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Leaving South Africa

Thursday, 16 July 2009, Off the South African coast

We sailed "one foot on the beach" up the coast of Africa
We sailed "one foot on the beach"

Dear Friends and Family,

Wednesday at about 2 pm we finally untied our lines (after 20 months!!) and motored out of Richards Bay, set full sail, and turned north for the Mozambique Channel, heading for Madagascar.

The winds have been from the south for a day or so and look like they're going to continue for several more days.  We had a pleasant enough night.  The winds blew from right behind us at between 12‑20 knots and Ocelot happily scooted up in front of them.

The Agulhas Current comes down this coast pretty quickly, so we hugged the coast to stay out of it as much as we could.  Since there's no moon until after midnight, we didn't go in to the 20 meter (depth) line, but stayed out closer to the 30m (100' deep) line.  This is about 1/2 mile (1 km) off the beach.  Even so, we were able to find a small counter-current which generally gave us a small assist for most of the night.  Sailing this close also allows us to watch the scenery pass by (mostly shrub‑covered sand‑dunes at this point) which is a pleasant distraction.

By 9AM this morning we had covered 115 miles in 18 hours so we're averaging a bit more than 6 knots, which is fine with us.  We plan to go up into Mozambique (Maputo Bay) today and then cross the Agulhas Current at the top of the bay, where it's thinnest (about 30 miles wide).

Fair winds and calm seas -- Jon and Sue


Friday, 17 July 2009, at sea

Dear Friends and Family,

Last sight of Africa. Sunset over Mozambique.
Last sight of Africa. Sunset over Mozambique

We're just at the north tip of Maputo Bay.  This is the point where the south-flowing Agulhas Current is the narrowest.  With the wind blowing out of the south, this can setup some difficult wind-against-current square-sided waves, which we'd like to minimize.  (Yes, currents are generally described by where they're going, while winds are described by where they're from - I'm not trying to be difficult ).  So tonight we plan to head off shore, away from Mozambique and Africa, to cross the current quickly.  Then we'll head up the Mozambique Channel towards the western tip of Madagascar, 720 miles away. [We didn't yet know that we were going to change our minds and head for Mayotte. This is cruising! -- ed.]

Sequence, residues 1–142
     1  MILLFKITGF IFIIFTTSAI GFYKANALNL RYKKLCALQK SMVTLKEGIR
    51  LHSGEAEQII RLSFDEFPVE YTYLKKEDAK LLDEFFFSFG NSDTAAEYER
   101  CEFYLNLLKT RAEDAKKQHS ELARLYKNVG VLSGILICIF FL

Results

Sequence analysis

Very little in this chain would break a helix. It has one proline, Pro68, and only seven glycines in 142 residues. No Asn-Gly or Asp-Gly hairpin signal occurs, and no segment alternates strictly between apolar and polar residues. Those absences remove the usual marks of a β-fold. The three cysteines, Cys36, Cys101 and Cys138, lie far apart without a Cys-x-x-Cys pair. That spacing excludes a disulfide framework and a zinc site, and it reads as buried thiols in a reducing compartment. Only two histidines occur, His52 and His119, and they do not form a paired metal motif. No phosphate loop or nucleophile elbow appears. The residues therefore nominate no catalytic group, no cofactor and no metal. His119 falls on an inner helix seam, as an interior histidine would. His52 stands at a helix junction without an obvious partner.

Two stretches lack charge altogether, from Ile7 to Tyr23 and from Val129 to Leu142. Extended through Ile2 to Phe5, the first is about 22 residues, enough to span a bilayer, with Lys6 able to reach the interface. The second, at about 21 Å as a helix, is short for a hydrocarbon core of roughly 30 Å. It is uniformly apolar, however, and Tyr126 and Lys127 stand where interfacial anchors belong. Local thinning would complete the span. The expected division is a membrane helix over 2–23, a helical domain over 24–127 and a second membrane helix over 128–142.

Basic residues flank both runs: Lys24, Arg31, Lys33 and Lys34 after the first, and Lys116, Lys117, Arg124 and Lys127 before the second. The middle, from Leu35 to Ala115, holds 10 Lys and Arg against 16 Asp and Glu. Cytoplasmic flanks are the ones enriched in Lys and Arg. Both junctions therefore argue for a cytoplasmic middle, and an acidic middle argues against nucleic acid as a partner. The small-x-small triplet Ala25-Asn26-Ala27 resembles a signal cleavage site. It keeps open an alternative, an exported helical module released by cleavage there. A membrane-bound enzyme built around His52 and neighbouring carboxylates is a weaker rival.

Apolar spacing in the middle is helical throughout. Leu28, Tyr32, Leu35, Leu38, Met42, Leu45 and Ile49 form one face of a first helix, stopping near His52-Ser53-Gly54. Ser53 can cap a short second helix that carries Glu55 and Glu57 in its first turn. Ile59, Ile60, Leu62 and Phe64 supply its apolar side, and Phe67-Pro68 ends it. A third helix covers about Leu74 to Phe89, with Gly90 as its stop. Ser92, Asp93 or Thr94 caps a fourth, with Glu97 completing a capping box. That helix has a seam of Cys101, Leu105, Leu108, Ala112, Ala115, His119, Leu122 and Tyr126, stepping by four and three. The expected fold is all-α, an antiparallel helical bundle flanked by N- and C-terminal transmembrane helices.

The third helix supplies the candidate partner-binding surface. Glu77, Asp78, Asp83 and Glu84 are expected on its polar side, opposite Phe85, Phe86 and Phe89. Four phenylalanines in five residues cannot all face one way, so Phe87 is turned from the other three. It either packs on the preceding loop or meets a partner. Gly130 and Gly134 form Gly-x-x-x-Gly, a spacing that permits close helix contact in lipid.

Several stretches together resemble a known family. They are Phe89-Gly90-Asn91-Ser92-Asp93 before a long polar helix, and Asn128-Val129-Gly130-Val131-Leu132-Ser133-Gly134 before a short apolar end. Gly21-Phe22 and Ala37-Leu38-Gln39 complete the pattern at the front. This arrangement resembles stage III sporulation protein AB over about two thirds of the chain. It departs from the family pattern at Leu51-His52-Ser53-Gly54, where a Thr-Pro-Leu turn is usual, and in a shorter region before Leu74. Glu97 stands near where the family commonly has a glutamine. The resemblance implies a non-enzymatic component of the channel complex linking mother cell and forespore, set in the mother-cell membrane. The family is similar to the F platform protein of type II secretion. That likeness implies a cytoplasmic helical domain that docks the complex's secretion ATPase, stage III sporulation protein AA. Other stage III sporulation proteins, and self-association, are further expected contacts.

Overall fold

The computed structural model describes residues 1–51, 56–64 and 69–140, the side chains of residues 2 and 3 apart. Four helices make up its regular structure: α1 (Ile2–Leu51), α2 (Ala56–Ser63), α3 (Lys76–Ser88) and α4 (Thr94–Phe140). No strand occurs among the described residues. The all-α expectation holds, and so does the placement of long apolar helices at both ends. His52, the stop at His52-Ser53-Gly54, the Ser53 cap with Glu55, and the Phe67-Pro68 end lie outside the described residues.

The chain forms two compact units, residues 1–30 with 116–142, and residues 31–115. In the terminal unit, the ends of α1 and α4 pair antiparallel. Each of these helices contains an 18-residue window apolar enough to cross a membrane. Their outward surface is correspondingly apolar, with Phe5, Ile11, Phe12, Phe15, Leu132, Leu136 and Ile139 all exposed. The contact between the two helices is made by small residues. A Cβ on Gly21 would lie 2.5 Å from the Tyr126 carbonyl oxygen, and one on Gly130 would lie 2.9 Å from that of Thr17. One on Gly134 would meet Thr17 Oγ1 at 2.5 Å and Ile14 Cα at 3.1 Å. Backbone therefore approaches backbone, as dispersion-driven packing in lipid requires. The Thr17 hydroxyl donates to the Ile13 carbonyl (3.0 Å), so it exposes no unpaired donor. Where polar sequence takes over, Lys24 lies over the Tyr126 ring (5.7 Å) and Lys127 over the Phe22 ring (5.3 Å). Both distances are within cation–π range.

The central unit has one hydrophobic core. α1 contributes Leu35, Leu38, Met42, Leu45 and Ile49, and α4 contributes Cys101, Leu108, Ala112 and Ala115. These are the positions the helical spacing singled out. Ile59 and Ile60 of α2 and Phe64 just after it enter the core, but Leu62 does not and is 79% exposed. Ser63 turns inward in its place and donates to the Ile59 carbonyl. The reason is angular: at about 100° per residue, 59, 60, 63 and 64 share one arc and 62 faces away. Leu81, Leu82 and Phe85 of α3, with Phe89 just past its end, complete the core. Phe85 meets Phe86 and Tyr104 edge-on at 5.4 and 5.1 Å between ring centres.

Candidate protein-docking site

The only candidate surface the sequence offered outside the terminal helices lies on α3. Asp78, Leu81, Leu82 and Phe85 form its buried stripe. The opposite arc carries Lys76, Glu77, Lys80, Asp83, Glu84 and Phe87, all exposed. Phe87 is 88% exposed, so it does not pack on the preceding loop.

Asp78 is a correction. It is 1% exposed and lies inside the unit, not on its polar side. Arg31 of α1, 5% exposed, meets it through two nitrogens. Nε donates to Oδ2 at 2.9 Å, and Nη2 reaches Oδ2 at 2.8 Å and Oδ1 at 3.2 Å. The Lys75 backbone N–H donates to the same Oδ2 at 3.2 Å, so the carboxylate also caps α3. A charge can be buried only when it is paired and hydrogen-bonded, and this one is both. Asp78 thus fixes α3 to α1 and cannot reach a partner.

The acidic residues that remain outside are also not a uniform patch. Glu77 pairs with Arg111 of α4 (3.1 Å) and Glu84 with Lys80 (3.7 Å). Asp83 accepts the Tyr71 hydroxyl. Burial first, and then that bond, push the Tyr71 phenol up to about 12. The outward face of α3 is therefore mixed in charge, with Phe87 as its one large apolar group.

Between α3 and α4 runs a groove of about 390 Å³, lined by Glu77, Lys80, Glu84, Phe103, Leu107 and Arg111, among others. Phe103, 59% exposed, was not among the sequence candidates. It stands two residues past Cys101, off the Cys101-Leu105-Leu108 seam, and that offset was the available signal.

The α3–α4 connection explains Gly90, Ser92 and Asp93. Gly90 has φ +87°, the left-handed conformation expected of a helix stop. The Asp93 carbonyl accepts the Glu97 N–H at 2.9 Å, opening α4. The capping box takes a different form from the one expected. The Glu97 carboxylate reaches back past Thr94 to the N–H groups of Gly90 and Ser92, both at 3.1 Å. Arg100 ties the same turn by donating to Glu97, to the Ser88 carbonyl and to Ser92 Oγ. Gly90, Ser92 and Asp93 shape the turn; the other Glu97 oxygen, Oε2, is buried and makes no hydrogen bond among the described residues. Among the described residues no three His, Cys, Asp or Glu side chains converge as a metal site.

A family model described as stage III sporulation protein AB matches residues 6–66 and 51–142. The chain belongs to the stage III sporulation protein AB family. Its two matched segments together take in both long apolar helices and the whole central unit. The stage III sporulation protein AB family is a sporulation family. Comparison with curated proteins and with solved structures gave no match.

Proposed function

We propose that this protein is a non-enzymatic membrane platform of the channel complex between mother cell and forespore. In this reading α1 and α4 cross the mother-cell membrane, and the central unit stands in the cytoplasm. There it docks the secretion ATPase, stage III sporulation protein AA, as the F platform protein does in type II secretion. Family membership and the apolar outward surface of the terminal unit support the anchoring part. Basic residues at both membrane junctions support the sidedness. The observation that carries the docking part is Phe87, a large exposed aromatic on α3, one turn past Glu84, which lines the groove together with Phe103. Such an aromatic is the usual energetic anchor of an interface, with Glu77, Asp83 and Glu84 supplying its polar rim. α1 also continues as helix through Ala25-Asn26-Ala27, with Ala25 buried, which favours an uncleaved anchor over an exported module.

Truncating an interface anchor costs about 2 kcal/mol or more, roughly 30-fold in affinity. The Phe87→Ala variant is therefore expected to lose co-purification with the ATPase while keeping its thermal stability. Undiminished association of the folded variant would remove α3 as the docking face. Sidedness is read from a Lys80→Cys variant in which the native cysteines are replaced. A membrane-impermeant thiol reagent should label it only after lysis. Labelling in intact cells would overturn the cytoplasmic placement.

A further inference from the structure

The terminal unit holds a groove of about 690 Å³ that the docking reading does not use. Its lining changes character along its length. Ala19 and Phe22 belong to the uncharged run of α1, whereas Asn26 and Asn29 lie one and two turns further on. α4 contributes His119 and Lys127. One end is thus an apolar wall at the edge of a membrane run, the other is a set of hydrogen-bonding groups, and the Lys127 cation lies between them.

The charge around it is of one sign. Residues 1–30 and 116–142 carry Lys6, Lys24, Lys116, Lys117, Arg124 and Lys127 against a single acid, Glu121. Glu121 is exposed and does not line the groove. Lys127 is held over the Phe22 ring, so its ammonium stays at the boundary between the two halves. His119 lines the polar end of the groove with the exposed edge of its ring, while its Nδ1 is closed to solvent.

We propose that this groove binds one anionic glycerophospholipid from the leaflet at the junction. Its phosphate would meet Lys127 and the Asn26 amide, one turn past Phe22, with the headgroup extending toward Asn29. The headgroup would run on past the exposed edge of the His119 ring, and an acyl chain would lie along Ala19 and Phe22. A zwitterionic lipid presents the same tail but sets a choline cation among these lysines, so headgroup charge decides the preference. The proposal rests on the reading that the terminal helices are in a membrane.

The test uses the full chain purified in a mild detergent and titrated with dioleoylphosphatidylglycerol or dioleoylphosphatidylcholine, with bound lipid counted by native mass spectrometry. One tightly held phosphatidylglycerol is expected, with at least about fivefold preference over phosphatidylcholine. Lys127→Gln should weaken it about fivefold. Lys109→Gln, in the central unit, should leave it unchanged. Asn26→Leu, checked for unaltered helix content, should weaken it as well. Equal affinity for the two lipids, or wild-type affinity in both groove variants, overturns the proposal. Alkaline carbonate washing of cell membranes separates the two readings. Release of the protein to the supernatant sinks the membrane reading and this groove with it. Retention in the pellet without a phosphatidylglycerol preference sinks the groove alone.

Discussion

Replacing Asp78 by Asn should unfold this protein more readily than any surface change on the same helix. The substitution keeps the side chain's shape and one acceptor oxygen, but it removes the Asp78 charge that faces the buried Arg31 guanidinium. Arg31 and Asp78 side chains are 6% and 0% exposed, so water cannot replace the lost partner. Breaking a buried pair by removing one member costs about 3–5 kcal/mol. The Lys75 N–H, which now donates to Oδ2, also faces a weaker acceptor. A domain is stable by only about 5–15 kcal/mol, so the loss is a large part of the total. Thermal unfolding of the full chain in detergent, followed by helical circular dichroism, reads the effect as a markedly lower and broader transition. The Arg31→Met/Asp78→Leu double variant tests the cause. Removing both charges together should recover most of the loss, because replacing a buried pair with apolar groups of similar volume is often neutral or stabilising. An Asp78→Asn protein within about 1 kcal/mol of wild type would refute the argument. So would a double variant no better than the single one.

Last night was a bit bumpy.  We decided to cut the corner of Maputo Bay and head directly for its northernmost point.  This would give us a better angle on the wind, which was blowing 25 knots from the south.  The problem was that this is a pretty fast point of sail for Ocelot, and she took off.  With that much wind (and associated waves) the ride is wild enough that sleeping gets difficult, so we started reefing the mainsail to try to slow Ocelot down.  Eventually we ended up with all 3 reefs tucked in and Ocelot was still peaking at 8‑9 knots now and then.

Africa is now giving us a beautiful send off - we have a full rainbow over breaching humpback whales.  But we hope to be back here in a year or 2.

By the way, we're having a bit of a problem connecting to our ground stations (by SSB radio) to send these missives out, so don't be worried if you don't hear from us for a bit.

Fair Winds and Calm Seas -- Jon and Sue


21 July 2009, 250nm from westernmost tip of Madagascar (Cape St. Andre), 870nm from Richards Bay

Dear Friends and Family,

That last line was very telling - our email has been down.  Not sure when we'll be able to send these.

Jon reefs the mainsail, mid-Channel
Jon reefs the mainsail, mid-Channel

While in Richards Bay (and even along the coast of South Africa) we could send and receive these emails via the internet and our little 3G modem.  Now that we're at sea we have to go back to the SSB radio - and we can't get any of the ground stations to respond to us!  VERY frustrating!  Durban has his antenna pointed away from us, Pretoria has never responded to us, and our next closest station is in Madras, India.  He was very reliable as we crossed the Indian Ocean in 2007, but now he's 3,000 miles away.  Hopefully we'll find a solution soon.

Our passage up the Mozambique Channel has been ... challenging.  We had a 1 knot current behind us as long as we hugged the coast, and could probably have ridden that all the way up to Inhambane or even Bazaruto if we'd wanted.  But we jumped off a bit south of Inhambane as we have a lot of respect for the Agulhas Current.

As it turned out, crossing the Agulhas was a non-event.  Seems it's pretty weak this time of year.  But the Mozambique Channel had more wind than expected - gusting up to 35 knots.  Ocelot can certainly take a lot more than that, but at those winds the seas get rather excited, banging against the hulls and keeping us all awake.  So we're a bit sleep deprived.

But at 10 pm last night somebody found the fan switch and turned it down for us.  Since then we've had lovely sailing conditions - 18‑22 knots of wind from just aft of the beam and seas flattening down nicely.  We still have a current pushing us WNW (at more than 2 knots!) while we're trying to sail ENE, but we can deal with that.

While our radio email may not be working, our radio itself is, and we're in daily contact with several weather and position reporting nets so we don't feel so alone out here.  As I write this (on my 4‑8 am watch) the sun is just trying to come over the horizon, setting all the clouds there on fire in magnificent preparation for another day.

Fair Winds and Calm Seas -- Jon and Sue

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